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The American Academy of Audiology Recommends Protecting Your Hearing from Loud Outdoor Noise Exposure | NEWS-Line for School and Community Healthcare Professionals

The American Academy of Audiology Recommends Protecting Your Hearing from Loud Outdoor Noise Exposure


As summer nears, the American Academy of Audiology is warning the public to protect its hearing when exposed to loud outdoor sounds—from fireworks to lawn equipment to road equipment, blasting and gunfire, many of these are dangerous for hearing.

As temperatures increase across the country and more regions open up to outdoor shopping and dining, more Americans will be spending a greater amount of time outdoors. At the same time, the numbers of Americans facing hearing loss is at a record high and rising annually. Outdoor activities can pose a significant threat to hearing health. More than 40 million Americans have some type of hearing loss with approximately 10 million of those attributable to sound-induced hearing loss—exposure to loud sounds. The American Academy of Audiology states that prolonged exposure to sounds above 85 decibels can damage hearing; louder sounds damage hearing in a shorter period of time.

To put that into perspective, noise from fireworks can reach up to 155 decibels. A jet plane taking off is estimated to be 150 decibels. Shooting a gun is around 140-175 decibels (depending on the gun). A report in Environ Health Insights looks at noise exposure from the use of outdoor equipment with regard to recommendations by the Occupational Safety and Health Administration.

But it’s not just the decibel levels that matter. The amount of time of the exposure is also important. If you spend multiple hours on a loud riding mower, running a chain saw, working a weed eater, leaf blower or other equipment, you may experience hearing loss. According to the Centers for Disease Control, loud noise over 120 decibels can cause immediate harm to hearing.

As the baby boomer population ages, more Americans are forced to face hearing health challenges. According to the National Institutes of Health NIDCD, approximately 15 percent (37.5 million) of American adults aged 20 to 69 have some trouble with 50% of older adults experiencing hearing loss. Approximately 28.8 million could benefit from the use of hearing aids.

While age is still the greatest factor in hearing loss, many younger people also experience hearing problems due to exposure to loud sound including music, hobbies, and occupational noise. Among adults aged 70 and older with hearing loss who could benefit from hearing aids, fewer than one in three (30 percent) has ever used them. With adults aged 20 to 69 only approximately 16 percent of those who would benefit from hearing aids has ever used them.

“The inner ear contains delicate hair cells which do not regrow, explained Catherine Palmer, Ph.D., president of the American Academy of Audiology and audiology program director in the University of Pittsburgh's School of Health and Rehabilitation Sciences. “Once these are damaged by noise, the result is permanent hearing loss. It’s important for people to use hearing protection when riding all-terrain vehicles, shooting firearms, and using power equipment and tools. Large sporting events and concerts are also a risk for hearing loss without appropriate protection but COVID-19 has put those on hold for quite a while.”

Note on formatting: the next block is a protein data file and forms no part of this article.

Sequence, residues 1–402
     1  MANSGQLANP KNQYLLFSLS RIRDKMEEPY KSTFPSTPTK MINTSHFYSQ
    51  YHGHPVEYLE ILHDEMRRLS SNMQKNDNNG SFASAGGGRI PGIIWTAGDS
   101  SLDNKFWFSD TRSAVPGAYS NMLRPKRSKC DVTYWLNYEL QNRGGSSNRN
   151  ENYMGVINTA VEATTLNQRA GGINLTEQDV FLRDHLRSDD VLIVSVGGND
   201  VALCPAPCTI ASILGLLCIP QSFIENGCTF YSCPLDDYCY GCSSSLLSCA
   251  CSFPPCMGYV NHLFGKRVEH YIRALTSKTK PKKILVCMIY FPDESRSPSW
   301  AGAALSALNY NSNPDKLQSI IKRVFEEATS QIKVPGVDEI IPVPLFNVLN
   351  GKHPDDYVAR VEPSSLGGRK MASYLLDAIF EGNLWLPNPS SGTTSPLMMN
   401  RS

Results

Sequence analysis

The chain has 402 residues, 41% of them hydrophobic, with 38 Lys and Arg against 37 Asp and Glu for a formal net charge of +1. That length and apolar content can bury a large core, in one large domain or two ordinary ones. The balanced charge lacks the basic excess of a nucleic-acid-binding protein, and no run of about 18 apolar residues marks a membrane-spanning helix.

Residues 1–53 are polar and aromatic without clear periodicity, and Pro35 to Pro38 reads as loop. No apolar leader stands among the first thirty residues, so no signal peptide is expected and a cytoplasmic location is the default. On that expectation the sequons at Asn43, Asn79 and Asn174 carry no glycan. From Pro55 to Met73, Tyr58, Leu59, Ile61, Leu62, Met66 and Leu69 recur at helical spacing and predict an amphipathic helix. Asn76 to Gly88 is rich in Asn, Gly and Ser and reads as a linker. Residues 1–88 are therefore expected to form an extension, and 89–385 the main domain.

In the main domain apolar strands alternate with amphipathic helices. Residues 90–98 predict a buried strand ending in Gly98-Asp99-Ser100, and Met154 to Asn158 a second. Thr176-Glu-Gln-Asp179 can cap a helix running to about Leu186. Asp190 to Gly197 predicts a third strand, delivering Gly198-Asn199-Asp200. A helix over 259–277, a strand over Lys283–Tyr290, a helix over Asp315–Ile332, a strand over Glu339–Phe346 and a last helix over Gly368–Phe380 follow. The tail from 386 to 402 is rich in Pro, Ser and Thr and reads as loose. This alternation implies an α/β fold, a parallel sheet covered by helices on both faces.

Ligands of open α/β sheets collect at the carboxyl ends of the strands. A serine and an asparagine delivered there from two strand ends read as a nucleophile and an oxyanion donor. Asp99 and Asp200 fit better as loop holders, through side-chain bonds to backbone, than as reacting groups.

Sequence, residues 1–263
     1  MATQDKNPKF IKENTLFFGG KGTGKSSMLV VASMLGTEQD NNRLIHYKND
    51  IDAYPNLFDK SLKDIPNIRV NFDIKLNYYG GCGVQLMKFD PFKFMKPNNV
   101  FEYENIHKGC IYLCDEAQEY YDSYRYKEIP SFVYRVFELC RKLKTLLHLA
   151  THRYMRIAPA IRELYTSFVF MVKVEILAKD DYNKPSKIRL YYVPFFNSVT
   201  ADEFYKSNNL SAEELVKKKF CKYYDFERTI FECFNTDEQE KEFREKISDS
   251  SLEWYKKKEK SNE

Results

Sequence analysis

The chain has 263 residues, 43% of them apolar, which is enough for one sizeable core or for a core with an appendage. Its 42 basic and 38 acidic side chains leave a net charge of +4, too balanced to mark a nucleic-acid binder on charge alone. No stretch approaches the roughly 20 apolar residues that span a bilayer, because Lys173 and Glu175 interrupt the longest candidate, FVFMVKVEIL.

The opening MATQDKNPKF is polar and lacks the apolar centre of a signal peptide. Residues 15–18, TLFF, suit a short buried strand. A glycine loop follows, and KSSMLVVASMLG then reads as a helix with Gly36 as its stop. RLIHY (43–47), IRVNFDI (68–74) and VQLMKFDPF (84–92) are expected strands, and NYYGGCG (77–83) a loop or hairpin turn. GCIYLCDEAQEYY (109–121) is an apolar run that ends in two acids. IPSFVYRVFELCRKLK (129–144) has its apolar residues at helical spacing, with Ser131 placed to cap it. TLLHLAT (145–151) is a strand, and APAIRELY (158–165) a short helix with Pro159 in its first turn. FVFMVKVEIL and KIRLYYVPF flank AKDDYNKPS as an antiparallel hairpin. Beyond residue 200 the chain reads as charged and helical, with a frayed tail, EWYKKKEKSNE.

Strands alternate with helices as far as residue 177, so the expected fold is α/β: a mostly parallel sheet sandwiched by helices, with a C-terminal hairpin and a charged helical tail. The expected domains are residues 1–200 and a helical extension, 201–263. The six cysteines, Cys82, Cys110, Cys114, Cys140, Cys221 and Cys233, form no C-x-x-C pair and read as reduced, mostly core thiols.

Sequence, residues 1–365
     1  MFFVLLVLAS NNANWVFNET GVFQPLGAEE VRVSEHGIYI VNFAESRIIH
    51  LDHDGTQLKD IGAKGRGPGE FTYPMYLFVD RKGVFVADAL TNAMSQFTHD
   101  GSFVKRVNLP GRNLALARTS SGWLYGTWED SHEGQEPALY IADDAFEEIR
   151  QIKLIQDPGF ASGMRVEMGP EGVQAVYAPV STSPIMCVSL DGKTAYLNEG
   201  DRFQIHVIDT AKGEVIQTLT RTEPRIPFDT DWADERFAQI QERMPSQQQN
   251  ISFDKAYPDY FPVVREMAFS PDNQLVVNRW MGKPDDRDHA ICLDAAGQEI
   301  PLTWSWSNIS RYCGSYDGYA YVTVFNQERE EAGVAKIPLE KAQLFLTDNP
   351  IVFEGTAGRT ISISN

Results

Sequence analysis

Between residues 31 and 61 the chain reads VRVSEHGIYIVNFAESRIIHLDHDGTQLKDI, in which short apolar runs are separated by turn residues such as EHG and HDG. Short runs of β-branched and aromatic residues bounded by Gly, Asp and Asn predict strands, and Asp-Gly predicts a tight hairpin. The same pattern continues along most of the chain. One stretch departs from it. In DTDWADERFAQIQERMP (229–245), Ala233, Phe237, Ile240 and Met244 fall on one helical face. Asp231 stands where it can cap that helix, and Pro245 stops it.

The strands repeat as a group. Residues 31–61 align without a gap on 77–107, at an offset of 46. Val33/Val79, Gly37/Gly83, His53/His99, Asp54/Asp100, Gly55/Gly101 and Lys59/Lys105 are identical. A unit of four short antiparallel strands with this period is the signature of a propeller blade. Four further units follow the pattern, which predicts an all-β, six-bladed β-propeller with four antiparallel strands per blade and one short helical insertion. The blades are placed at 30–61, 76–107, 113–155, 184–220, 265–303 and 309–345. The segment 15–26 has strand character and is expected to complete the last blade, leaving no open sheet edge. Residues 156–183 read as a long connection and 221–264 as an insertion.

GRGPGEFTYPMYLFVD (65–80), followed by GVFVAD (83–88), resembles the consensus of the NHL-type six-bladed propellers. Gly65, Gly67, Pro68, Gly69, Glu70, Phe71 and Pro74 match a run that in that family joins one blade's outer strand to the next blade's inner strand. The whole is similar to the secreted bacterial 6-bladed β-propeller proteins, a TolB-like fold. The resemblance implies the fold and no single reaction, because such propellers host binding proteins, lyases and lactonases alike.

Damaging noise, however, is not only generated by outdoor activities. Many children and adults spend longer amounts of time in the summer using earbuds. Audiologists caution that stock earbuds can produce sounds from 80 to 125 decibels. Some earbuds advertise that they produce sounds as loud as 110 decibels—a number that could cause potential hearing damage, especially with exposure over time.

Audiologists caution the public to use portable music safely, or risk hearing loss and potentially tinnitus (ringing in the ears). To ensure safe earphone use, consumers should consider using devices and headsets that provide data about safe volume settings. The newest devices will provide a warning if sound is turned up to levels that could be dangerous. To measure the decibel level of sound around you use one of the many apps available.

Some signs of hearing loss may include:

- Ringing, buzzing, or hissing noises in the ear after the loud noise.
- Muffled hearing after exposure to noise.
- Having to turn up the volume of the television, radio, or stereo and having other family members complain that the volume is too loud.
- Difficulty understanding people speaking to you and asking people to repeat themselves.
- Difficulty with phone conversations and understanding the other person.
- Inability to hear the doorbell, the dog barking, and other household sounds.
- People telling you that you speak too loudly.
- Ringing in the ears.
- Ear pain.

“Children are just as vulnerable and parents need to be vigilant in teaching them the importance of hearing health including (E) earplug use, (A) avoiding loud sounds, (R) reducing the volume of sound, and (S) shortening time in loud sound.” Palmer added.

The American Academy of Audiology recommends that, anyone experiencing the above symptoms should make an appointment with an audiologist. The Academy has a listing of audiologists on its website, www.audiology.org.

The American Academy of Audiology is the world's largest professional organization of, by and for audiologists. Representing the interests of approximately 14,000 audiologists nationwide, the Academy is dedicated to providing quality hearing care services through professional development, education, research, and increased public awareness of hearing and balance disorders.

For more information or to find an audiologist, go to www.howsyourhearing.org

Source: American Academy of Audiology

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